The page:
But there the jollity ends. The Muslim Brotherhood men and women carried Morsi’s picture and had painted Stars of David on the military barracks near the mosque. The Brotherhood had piled thousands of sandbags around their tent encampment and piles of stones to hurl at anyone trying to move them. But the soldiers down the road – also, it has to be said, cheerful and quite friendly – were holding automatic weapons beside French and American-made armoured vehicles, and they also held wooden batons and were flanked by policemen in shoddy black uniforms.

It looked as if they were only a few hours away from moving in on the Brotherhood, and no matter how many bearded men were reading the Koran on the roadway – and they were quite literally doing that – it was difficult to imagine the coming hours being anything but deadly.

One point that stood out – and it may be unfashionable to say so – is that the Brotherhood supporters were generally poor and looked poor in their grubby abayas and plastic sandals. Some of the Tahrir demonstrators, who were truly revolutionaries against Mubarak in 2011, trooped over the Nile bridges waving posters of General al-Sisi. And one has to say, painful as it is to do so, that the sight of well-heeled people holding aloft the photograph of a general in sunglasses – albeit a wonderful and very democratic general – was profoundly depressing. What really happened to the 25 January 2011 revolution?

“We love the soldiers but we don’t need the general,” a scarved woman shouted near the Rabaa mosque, but Sisi is now a well-known face, the man who will return Egypt to its true revolutionary path, if you can forget for the time being that the first genuinely elected president in modern Egyptian history is probably incarcerated in one of those barracks we drive by so blithely on the way to the airport.

But Egypt does need a government. Driving back from Nasr City to central Cairo tonight, my car was blocked in a traffic jam because rival families were fighting a gun battle across the highway. About 1,000 Cairenes had joined in by throwing stones from an overpass. Two miles further on, a middle-aged woman was driven down by a motorcycle and lay on the road in great pain. Many of the drivers who saw her carried on their journeys, the noses of their families pressed to the window as this lady lay spread-eagled on the highway in her black dress. The near future does not look good.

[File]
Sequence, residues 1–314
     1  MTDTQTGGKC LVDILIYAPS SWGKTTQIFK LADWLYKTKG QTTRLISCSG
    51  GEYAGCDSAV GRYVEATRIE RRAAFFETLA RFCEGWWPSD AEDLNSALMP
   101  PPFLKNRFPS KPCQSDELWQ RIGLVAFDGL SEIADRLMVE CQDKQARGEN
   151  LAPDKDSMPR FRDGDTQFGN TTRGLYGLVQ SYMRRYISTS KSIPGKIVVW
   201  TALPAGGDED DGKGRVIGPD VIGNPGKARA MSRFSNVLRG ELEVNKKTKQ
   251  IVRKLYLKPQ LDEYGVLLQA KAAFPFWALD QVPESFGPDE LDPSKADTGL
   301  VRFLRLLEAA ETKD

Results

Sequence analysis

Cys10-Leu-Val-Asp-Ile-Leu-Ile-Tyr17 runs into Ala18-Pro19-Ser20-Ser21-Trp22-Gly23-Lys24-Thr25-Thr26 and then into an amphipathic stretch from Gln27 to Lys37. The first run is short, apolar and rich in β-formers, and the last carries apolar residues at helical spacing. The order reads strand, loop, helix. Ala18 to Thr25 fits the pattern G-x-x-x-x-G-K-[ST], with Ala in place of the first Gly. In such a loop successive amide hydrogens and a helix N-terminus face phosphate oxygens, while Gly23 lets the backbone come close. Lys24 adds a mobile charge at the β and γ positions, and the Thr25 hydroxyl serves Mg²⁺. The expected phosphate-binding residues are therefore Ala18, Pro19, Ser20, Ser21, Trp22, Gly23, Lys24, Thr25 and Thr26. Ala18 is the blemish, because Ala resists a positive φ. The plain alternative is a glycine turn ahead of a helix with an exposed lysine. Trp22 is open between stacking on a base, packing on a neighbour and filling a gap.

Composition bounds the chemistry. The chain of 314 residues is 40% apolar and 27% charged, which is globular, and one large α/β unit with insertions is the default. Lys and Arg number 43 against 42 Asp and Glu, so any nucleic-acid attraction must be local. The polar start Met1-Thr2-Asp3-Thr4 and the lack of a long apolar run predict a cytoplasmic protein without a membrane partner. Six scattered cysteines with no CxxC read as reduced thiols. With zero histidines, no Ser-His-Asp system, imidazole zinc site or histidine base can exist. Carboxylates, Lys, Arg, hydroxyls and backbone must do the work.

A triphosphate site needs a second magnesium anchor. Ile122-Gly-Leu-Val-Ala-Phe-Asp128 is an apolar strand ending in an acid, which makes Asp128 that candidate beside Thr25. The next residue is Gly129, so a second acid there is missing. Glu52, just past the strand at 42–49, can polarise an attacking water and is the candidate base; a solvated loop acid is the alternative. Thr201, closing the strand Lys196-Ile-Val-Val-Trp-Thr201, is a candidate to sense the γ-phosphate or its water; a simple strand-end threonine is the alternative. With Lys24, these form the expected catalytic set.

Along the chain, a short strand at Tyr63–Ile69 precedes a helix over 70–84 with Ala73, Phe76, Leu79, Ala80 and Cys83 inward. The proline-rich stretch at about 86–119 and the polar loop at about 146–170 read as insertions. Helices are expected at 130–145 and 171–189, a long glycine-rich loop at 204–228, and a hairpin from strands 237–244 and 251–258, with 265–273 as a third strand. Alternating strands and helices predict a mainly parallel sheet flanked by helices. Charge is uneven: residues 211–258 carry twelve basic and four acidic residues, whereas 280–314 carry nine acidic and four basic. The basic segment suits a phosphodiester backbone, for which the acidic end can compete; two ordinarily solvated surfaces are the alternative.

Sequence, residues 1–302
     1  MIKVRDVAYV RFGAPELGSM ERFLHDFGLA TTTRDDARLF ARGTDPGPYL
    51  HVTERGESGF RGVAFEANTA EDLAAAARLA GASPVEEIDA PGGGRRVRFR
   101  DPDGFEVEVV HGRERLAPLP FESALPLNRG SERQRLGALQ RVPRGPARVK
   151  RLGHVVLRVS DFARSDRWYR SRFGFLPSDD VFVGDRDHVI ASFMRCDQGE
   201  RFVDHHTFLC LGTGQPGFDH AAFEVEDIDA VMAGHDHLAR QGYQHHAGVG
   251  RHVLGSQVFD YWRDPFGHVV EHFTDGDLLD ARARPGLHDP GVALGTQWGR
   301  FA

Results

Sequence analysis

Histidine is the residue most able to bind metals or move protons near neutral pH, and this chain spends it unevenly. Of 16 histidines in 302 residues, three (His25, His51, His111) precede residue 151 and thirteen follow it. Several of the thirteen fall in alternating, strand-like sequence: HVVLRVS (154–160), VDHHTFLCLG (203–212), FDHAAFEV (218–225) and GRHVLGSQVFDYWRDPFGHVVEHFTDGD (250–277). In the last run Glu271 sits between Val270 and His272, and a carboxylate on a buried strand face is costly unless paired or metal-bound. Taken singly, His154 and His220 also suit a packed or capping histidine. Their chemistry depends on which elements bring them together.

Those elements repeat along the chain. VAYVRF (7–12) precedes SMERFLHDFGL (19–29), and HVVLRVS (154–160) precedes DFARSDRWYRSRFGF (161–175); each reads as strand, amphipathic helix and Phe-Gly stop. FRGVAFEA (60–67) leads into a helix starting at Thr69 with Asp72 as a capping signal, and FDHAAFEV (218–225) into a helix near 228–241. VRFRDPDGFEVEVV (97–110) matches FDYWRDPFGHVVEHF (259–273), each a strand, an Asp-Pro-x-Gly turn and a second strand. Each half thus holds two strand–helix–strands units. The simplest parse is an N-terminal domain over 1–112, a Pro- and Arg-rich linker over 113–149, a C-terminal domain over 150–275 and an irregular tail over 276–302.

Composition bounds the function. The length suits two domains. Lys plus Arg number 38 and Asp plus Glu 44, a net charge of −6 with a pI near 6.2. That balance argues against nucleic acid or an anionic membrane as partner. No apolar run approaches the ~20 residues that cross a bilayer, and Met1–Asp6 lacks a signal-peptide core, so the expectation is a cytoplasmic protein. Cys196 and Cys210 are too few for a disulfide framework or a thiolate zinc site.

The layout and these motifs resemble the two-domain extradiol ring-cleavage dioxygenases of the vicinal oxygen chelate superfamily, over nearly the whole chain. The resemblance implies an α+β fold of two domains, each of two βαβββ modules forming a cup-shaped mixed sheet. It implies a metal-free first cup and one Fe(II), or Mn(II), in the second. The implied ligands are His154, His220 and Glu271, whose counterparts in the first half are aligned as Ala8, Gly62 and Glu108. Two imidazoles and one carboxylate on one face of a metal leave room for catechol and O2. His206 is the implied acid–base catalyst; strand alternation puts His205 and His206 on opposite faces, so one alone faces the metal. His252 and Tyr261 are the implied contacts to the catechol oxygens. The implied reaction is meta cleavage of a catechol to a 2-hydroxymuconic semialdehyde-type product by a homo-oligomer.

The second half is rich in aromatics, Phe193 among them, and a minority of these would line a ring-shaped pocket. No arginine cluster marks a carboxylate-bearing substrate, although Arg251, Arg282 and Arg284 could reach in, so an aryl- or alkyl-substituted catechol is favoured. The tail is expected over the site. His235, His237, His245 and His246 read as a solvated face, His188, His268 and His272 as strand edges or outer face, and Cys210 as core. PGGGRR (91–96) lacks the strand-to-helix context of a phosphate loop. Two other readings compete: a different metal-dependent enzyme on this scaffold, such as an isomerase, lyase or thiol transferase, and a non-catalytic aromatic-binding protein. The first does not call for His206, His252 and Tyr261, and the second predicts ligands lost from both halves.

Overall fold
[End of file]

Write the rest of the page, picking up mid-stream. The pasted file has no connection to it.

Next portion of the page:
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Kevin Barrett

Dr. Kevin Barrett, a Ph.D. Arabist-Islamologist, is one of America’s best-known critics of the War on Terror.

He is Host of TRUTH JIHAD RADIO; a hard driving weekly LIVE call in radio show. He also has appeared many times on Fox, CNN, PBS and other broadcast outlets, and has inspired feature stories and op-eds in the New York Times, the Christian Science Monitor, the Chicago Tribune, and other leading publications.

Dr. Barrett has taught at colleges and universities in San Francisco, Paris, and Wisconsin, where he ran for Congress in 2008. He currently works as a nonprofit organizer, author, and talk radio host.

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12 COMMENTS

  1. Israel is preparing to reclaim more than $ 8 billions in compensations for use of Jewish assets in Egypt in addition to the recovery and compensation of assets and most likely they will get it under El- Sisisi and its only right that Egyptian Jews should reclaim their properties in Egypt and else where in the Arab world. The Question is if Jews are able to reclaim their assets in Arab countries, will Abbas and his gangs and Israel allow the Palestinians to reclaim their assets in Palestine?